Dealing with “Winter Skin”
By Dale Peterson, MD
Can you tell me what to do for “winter skin”? asked the boy in my office. Every winter my skin gets red and scaly. It itches almost all the time and sometimes it hurts. It can even crack and bleed. The young man was describing a condition called eczema. Eczema develops much more frequently and is usually more severe in winter than at other times of the year.
Standing as it does between the finely balanced internal environment of the body and the chaotic external environment the skin is under constant attack. Eczema is an indication that the skin is losing the battle being waged against it. While eczema has many causes, the characteristic dryness, itching, and scaling are signs that the skin has lost its natural oils and is unable to retain adequate moisture. Successful eczema management demands that external and internal factors be addressed.
Chemical exposure should be limited. Wearing gloves when working with cleaners or solvents helps to keep the hands from becoming dry, rough, and inflamed. Installing and using a shower filter will go a long way toward protecting the skin from the drying effects of chemicals such as chlorine. If bathing, the tub should be filled through the filter.
The primary reason eczema is more common during the winter months is because the air is much drier than in other seasons. This is because cold air is not able to hold as much moisture as warm air. Since exposure to the elements during the winter can dry the skin, a moisturizing sunscreen should be applied when engaging in outdoor activities, especially on dry or windy days.
Because much of the limited moisture in the cold air is lost when it is heated, indoor air can be even drier. The relative humidity of indoor air in many North American homes during the winter months is lower than that in Death Valley.
The use of a humidifier will dramatically decrease the likelihood of developing winter skin. Placing a teapot or pan of water on a stove is insufficient, as gallons of water must be added to the air to bring the relative humidity up to a comfortable range. Automatic humidifiers may be incorporated into the central heating system or freestanding console units may be purchased. It is often better to place two or three small units in strategic locations than to rely upon a single large unit to adequately humidify air throughout the home.
It is also helpful to bathe less frequently during the winter. Supplementing a full shower or bath every other day or every third day with daily spot bathing will maintain good hygiene while preventing eczematous changes in most instances. When a full bath or shower is taken the water should be lukewarm rather than hot. Some water should be left on the skin and sealed in by applying oil. Deodorant soaps, which contain chemicals that dry and damage the skin, should be avoided.
When choosing a preparation to apply to irritated areas of skin it is important to understand that oils and ointments are moisturizing, creams are slightly drying, and lotions are very drying. It is best to apply an oil or ointment to dry skin, because a cream or lotion, while less greasy, will actually cause the skin to become drier as the water in the preparation evaporates. This can create a vicious cycle in which the product that is applied to relieve dryness and itching actually creates more dryness and itching and prevents healing.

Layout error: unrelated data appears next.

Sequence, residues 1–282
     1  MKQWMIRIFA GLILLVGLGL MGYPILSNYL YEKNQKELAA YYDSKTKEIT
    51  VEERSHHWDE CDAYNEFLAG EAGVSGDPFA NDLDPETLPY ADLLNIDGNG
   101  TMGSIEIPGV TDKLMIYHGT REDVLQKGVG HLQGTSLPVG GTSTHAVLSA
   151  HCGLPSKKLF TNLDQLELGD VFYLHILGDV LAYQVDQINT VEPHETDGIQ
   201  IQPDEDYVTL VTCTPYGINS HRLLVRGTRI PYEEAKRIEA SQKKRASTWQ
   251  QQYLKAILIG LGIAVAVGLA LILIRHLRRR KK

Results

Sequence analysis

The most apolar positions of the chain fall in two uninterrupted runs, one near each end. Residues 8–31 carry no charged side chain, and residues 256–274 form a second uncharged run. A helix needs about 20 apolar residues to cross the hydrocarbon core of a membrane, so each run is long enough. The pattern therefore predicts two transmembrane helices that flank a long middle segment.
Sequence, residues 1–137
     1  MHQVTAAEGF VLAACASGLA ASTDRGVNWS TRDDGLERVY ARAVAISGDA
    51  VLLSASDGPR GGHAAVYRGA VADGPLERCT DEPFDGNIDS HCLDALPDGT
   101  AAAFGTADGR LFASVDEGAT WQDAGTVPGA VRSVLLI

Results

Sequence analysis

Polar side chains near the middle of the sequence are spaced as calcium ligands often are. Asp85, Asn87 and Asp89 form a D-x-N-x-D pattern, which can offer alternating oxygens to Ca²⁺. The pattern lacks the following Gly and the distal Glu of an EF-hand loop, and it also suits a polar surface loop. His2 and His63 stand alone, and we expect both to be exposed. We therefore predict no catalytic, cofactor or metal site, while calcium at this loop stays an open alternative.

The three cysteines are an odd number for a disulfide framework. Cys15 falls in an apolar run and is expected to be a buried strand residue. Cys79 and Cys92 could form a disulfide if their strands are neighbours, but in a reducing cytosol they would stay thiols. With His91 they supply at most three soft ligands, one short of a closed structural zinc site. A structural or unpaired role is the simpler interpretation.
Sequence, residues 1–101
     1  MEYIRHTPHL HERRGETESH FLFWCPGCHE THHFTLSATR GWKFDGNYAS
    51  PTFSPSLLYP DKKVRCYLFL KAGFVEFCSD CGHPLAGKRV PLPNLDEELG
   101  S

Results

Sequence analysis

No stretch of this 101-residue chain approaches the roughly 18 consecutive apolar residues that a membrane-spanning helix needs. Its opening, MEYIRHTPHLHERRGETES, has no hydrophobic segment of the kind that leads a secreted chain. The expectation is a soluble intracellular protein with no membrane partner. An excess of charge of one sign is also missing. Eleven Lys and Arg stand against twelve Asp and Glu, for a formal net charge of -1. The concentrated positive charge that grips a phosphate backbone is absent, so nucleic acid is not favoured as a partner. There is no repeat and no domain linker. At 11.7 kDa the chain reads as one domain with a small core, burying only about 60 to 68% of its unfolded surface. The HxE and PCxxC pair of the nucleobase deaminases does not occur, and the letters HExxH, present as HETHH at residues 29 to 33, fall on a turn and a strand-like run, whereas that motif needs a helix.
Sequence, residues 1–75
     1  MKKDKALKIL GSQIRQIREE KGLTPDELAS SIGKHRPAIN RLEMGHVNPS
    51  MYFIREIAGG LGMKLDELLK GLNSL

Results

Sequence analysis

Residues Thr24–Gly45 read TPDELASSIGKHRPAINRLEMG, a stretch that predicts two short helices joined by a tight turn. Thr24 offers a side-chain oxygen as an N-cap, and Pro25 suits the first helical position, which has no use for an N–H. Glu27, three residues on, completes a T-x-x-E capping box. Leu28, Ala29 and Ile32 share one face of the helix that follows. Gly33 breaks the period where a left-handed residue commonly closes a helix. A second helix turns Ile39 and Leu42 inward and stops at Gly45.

Diets that are low in essential fatty acids do not provide the raw materials needed by the skin’s oil glands. When oil production declines, skin dryness becomes more pronounced. Essential fatty acid deficiencies may be addressed by supplementing omega-3 fatty acids, which are found in flax oil, evening primrose oil, borage oil, and fish oil. These are available in capsules and as liquids.
You need not live with winter skin. The health of your skin can be restored by limiting external environmental challenges, using oils and ointments to moisturize the skin, and by supplementing omega-3 fatty acids that allow oil glands to support the skin effectively. .
Dr. Dale Peterson is a graduate of the University of Minnesota College of Medicine. He completed his residency in FamilyMedicine at the University of Oklahoma. He is a past president of the Oklahoma Academy of Family Physicians. He had a full-time family practice in Edmond, Oklahoma, for over 20 years and was a Chief of Staff of the Edmond Hospital. He was active in teachingfor many years as a Clinical Professor of Family Medicine through the Oklahoma University Health Sciences Center.
Dr. Peterson left his full-time family practice in 1999 to consult with individuals who are seeking ways to restore and maintain their health through improved nutrition and other lifestyle changes. He founded the Wellness Clubs of America to give people access to credible information on supporting and maintaining their health. His monthly wellness letter, Health by Design, and his Health by Design E-Newsletter provide helpful information to individuals interested in preventing and conquering health challenges. His book Building Health by Design: Adding Life to Your Years and Years to Your Life was released in December 2010.
Dr. Peterson speaks regularly on subjects related to health and nutrition. He hosted a weekly radio program,Your Health Matters, on KTOK in Oklahoma City for five years. For the past nine years he has addressed questions from across the nation on his Your Health Matters weekly teleconference.He offers a free video LifeXtension course at www.drdalepeterson.com.